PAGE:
Danny Mulcahy gets a hug from his planner Peter Patton after learning that the Steamboat 700 annexation was voted down.

Photo by Matt Stensland

Danny Mulcahy gets a hug from his planner Peter Patton after learning that the Steamboat 700 annexation was voted down.

Broad reactions in wake of Steamboat 700 election

Voters’ denial of annexation spurs celebration, regret across city

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Mulcahy addresses supporters

Steamboat 700 developer Danny Mulcahy addresses his supporters after learning voters voted down the annexation.

Steamboat 700 developer Danny Mulcahy addresses his supporters after learning voters voted down the annexation.

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What's next?

Steamboat 700 developer Danny Mulcahy talks about what is next now that voters have chosen not to allow the annexation.

Steamboat 700 developer Danny Mulcahy talks about what is next now that voters have chosen not to allow the annexation.

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Voting precincts

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How Steamboat voted

— Steamboat 700 supporters and opponents agreed on one thing Tuesday night: Voters’ rejection of the annexation means it’s time for the city to update its community plan and rethink how to handle growth in coming years.

That process will play out during the months ahead in a long-term, community effort. In the short term Tuesday night, in the wake of Steamboat 700’s defeat by more than 20 percent of the 4,253 votes cast, there was plenty of sadness and regret at Rex’s American Grill & Bar, where members of the Good For Steamboat committee and other annexation supporters gathered on a March election night in Steamboat Springs. And there was celebration and optimism among members of the Let’s Vote committee, which opposed the annexation. They did not have a gathering but toasted the victory nonetheless.

“I am celebrating with a strong dollop of bourbon tonight,” e-mailed longtime Steamboat resident Omar Campbell, one of the first to publicly call for a citywide vote on Steamboat 700. “This is a real plebiscite on rampant growth that is going to cause our elected officials and developers to look at their hole-cards a lot closer in the future.”

Let’s Vote spokesman Tim Rowse, in an e-mail summarizing reactions from the committee, said he hopes local officials closely examine voters’ message.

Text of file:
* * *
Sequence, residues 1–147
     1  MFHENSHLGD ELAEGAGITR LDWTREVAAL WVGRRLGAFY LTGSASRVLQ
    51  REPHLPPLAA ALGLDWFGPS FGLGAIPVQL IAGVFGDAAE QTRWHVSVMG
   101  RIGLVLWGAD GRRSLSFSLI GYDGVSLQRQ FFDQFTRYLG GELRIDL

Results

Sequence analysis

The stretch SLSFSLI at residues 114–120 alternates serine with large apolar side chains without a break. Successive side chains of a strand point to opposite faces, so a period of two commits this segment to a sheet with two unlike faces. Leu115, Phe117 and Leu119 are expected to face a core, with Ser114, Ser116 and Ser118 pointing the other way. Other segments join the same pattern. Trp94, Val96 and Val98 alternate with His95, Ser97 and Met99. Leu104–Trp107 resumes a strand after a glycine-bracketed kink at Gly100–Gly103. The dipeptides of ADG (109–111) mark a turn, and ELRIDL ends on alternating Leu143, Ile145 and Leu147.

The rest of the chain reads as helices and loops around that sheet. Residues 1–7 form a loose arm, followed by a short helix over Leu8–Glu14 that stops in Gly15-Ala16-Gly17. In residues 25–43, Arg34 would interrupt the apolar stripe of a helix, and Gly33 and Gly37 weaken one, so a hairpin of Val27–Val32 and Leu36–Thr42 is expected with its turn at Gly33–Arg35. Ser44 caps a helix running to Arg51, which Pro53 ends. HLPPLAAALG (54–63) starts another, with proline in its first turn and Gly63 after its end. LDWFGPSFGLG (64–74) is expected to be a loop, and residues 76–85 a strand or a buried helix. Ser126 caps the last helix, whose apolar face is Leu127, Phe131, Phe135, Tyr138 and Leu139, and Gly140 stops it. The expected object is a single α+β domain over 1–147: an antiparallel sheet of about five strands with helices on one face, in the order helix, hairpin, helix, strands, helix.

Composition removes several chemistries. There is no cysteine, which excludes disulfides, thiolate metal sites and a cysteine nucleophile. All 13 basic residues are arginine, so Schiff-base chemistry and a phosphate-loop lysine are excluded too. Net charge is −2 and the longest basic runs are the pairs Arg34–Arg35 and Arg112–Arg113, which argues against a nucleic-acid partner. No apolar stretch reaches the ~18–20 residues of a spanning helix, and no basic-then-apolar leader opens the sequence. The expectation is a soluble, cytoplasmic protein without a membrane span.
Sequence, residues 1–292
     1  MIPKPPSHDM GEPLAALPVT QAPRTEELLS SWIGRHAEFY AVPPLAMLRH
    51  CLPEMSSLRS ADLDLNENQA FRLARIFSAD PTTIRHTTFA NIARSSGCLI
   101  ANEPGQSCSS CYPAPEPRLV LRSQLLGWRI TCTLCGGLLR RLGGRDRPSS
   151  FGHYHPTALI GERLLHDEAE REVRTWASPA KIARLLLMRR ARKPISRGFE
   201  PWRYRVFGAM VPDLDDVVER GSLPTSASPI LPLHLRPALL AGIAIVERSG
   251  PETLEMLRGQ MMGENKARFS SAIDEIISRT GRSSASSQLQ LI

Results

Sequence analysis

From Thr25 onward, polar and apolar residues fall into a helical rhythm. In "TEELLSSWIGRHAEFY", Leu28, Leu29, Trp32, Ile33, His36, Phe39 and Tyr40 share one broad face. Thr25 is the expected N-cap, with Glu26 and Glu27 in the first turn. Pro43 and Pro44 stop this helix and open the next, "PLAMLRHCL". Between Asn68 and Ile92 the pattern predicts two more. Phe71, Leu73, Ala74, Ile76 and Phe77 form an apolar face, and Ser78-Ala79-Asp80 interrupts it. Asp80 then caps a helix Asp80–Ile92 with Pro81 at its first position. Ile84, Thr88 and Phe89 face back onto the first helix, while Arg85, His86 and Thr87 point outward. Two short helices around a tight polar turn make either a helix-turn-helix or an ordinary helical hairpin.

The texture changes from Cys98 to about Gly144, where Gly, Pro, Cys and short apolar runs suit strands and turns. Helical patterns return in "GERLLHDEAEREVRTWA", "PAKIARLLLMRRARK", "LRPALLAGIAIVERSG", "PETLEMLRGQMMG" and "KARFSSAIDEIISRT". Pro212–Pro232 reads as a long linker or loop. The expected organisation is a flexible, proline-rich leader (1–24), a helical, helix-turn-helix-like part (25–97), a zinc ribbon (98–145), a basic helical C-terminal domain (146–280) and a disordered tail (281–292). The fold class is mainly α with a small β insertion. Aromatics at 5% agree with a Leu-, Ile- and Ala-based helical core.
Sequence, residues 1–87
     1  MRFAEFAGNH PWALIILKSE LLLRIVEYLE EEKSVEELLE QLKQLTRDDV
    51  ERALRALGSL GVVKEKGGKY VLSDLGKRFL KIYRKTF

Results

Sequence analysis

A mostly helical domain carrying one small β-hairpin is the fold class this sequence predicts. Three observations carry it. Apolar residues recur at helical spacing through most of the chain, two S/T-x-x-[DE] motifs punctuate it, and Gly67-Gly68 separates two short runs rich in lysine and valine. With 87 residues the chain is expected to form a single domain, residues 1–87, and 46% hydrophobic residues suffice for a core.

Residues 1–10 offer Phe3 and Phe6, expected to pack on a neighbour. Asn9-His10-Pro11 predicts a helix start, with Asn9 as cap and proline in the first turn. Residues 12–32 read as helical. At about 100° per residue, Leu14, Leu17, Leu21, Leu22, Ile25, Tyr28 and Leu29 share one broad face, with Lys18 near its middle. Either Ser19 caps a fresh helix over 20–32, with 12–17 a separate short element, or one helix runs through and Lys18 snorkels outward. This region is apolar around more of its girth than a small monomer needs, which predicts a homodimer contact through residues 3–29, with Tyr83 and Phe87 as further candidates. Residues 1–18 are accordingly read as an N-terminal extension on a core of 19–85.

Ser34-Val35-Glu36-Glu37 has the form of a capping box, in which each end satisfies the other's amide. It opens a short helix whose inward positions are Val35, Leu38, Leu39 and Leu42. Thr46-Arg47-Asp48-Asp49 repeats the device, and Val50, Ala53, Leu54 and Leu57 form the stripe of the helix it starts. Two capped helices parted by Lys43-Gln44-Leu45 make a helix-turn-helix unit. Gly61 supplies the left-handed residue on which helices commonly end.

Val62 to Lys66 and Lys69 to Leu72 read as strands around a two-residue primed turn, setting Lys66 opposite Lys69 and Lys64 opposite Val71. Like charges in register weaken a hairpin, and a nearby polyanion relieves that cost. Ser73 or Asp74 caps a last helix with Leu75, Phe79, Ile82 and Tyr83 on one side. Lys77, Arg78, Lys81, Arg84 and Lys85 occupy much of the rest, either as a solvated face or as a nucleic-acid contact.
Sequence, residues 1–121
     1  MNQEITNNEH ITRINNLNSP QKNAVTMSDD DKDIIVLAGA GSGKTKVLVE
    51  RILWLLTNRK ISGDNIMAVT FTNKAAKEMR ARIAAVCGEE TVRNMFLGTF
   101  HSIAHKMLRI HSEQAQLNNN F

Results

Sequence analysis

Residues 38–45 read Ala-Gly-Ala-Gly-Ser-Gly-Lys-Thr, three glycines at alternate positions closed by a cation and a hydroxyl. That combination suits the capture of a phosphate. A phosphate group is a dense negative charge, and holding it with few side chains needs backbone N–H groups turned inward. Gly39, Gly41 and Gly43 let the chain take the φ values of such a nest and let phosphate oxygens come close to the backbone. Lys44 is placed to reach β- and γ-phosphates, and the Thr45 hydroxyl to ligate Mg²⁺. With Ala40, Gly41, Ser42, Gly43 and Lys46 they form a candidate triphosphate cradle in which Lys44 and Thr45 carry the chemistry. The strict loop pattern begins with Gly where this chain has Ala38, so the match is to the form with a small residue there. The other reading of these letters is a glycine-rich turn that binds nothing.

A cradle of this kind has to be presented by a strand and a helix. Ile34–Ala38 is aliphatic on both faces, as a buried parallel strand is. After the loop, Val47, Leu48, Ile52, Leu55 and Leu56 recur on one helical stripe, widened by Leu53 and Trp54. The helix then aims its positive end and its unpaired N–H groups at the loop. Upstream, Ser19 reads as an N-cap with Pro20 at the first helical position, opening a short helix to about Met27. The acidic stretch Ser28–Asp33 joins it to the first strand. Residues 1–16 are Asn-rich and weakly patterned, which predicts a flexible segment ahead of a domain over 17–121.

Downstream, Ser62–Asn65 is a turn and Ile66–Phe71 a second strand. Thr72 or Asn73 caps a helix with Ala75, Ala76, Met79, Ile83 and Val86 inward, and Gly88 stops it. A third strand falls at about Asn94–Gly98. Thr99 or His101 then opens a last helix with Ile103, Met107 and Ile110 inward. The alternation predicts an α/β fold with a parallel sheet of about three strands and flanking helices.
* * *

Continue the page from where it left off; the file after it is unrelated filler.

“There are many reasons people voted ‘no.’ It’s important we find out why people voted ‘no’ and incorporate this into city and county policy,” Rowse said. “Going forward, an update to the community area plan is due. The city and county have the opportunity to learn from this vote and engage with the community to chart a course forward.”

City Manager Jon Roberts said an update of the Steamboat Springs Area Community Plan is indeed due and is the next major project for planning staff.

Steamboat 700 supporters said that update could mean starting from scratch. Much of the annexation debate focused on whether Steamboat 700 met the goals of the city’s West of Steamboat Springs Area Plan, last updated in 2006.

“To me, a ‘no’ vote on Steamboat 700 is essentially a ‘no’ vote on the WSSAP,” Steamboat 700 consultant and former Yampa Valley Housing Authority staffer Curtis Church said Tuesday at Rex’s. “I don’t believe a better deal is going to come along.”

Third-generation resident Steve Elkins, 62, called voters’ denial an “embarrassment for the community.”

“They just voted for Steam­boat to become Aspen,” said Elkins, citing the possibility of growth spreading across the Yampa Valley rather than in a centralized location.

Steamboat 700 principal and project manager Danny Mul­cahy was calm after the loss.

“This was a defining moment in Steamboat’s future,” he said.

Mulcahy added that Steam­boat 700 LLC will explore several options for the site.

“I’m not going away,” he said.

He thanked his supporters earlier Tuesday.

“There’s probably thousands of people to thank,” he said. “There’s been a lot of people who put a lot of time and energy into this — and it’s a credit to the community. It’s an absolute credit to the community, the citizens taking ownership of what happens in the future — you don’t see a lot of that in some communities.”

New plan, new director

Tom Leeson, the city’s director of planning and community development, leaves his position April 1 to attend the University of Maryland and work toward a master’s degree.

Roberts said the city has received more than 90 applications for Leeson’s position and interviews will start next week.

Steamboat Springs City Coun­cil President Cari Hermacinski said Leeson’s replacement will need experience with infill, or growth within city limits.

Let’s Vote members cited infill as one of several growth alternatives to annexation.

A public discussion about infill is Thursday when the Steamboat Springs Planning Commission has a public work session from 5 to 6:30 p.m. City planner Jason Peasley said the topic is changes to zoning regulations to allow more density in the city’s core, particularly along U.S. Highway 40.

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